Things between Google and India’s startups seem to be heating up.
After Google had earlier temporarily taken Paytm’s app off its Play Store, the company has now sent notices to Zomato and Swiggy for allegedly violating its app store policies. The notices state that the in-app gamification that these apps were promoting goes against Play Store guidelines. Both Zomato and Swiggy confirmed the receipt of the notices to Economic Times.
It appears that the notices were sent because of the in-app competitions that the apps were running around the IPL. “We are a small company and have already realigned our business strategy to comply with Google’s guidelines. We will be replacing Zomato Premier League with a more exciting program by this weekend,” a Zomato spokesperson said. Zomato also said that the notice was “unfair.” A spokesperson for Swiggy said that it too had temporarily paused its in-app gamification product.
Two weeks ago, Paytm’s app was taken off the the Play Store, allegedly because it was linking to a gambling site in contravention of Google’s policies. While the app had been restored the same day, Paytm had cried foul, claiming that Google had too much power over Indian internet startups, and hinted that Paytm’s app had been taken down because it competed with Google Pay.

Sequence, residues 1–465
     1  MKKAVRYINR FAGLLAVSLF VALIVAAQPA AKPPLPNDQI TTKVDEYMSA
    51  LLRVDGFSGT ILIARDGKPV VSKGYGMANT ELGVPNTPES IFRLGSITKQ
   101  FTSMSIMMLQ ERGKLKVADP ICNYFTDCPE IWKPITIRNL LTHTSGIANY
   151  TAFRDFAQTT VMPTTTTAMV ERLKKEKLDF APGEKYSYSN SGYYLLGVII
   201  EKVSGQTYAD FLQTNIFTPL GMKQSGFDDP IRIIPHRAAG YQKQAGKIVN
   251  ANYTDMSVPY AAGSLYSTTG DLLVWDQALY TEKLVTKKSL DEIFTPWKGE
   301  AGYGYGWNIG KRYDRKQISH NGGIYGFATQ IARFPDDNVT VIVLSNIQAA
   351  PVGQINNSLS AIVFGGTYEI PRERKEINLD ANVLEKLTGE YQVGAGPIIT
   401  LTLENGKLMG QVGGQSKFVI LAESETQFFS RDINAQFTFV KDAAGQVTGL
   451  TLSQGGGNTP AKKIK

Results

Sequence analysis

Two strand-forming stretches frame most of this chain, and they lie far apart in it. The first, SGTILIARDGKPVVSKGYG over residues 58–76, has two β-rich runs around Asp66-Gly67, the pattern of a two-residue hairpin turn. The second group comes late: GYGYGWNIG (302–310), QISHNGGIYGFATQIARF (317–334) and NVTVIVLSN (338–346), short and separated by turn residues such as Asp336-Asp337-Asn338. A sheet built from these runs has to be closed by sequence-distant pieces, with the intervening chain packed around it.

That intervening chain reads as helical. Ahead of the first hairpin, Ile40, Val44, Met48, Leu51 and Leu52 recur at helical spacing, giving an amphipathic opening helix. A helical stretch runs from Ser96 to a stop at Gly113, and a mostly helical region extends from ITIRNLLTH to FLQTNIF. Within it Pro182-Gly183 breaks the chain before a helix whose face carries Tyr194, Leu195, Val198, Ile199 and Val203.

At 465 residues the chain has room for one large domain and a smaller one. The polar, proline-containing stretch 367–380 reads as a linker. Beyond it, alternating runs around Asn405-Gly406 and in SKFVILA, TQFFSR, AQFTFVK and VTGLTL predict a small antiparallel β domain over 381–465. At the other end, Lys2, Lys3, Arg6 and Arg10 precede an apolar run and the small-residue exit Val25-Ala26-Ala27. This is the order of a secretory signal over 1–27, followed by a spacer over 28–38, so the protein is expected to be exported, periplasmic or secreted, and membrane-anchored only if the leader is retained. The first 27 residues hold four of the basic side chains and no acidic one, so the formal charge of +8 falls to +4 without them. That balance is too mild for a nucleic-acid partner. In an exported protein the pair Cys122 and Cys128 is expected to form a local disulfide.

Matters hadn’t ended there — a few days later, Google had announced that it would charge a 30 percent fee on purchases made on its Play Store on app categories including education and dating. This had prompted a group of Indian startup founders to discuss setting up a body to take on Google’s monopoly. Paytm founder Vijay Shekhar Sharma, PolicyBazaar’s Yashish Dahiya, Murugavel Janakiraman of Matrimony.com, Vishwas Patel of CCAvenue, and founders of ShareChat and Innov8 attended the meeting and considered starting a body tentatively named Aatmanirbhar Digital India Foundation. Some reports have suggested that Indian startups are considering setting up their own app to bypass Google altogether.
It’s a pretty difficult situation for both parties — Google has regulations on its store that prevent bad actors from setting up apps that can swindle people of their money, and India’s startups are beginning to fall afoul of some of the regulations on games and gambling. Indian startups contend that they are upfront about their policies, and their in-app promotions should be permitted. But app stores are facing the heat in other parts of the world too, mainly because of their fees. In the US, Fornite’s parent company Epic has taken Apple to court because it had banned Fortnite’s app for offering discounted prices to users who chose to make in-game purchases from its own website as opposed to from within the app, thus cleverly bypassing Apple’s 30 percent fee. In India, though, concerns around a monopoly are even greater — while Apple and Google form a sort of a duopoly over app stores in most parts of the world, nearly 97 percent of Indian smartphone users are on Android, giving Google unprecedented power over how customers access apps. And with Google now having temporarily banned Paytm, and sent notices to two other unicorns in Zomato and Swiggy, things between Indian startups and Google could well get ugly in the coming months.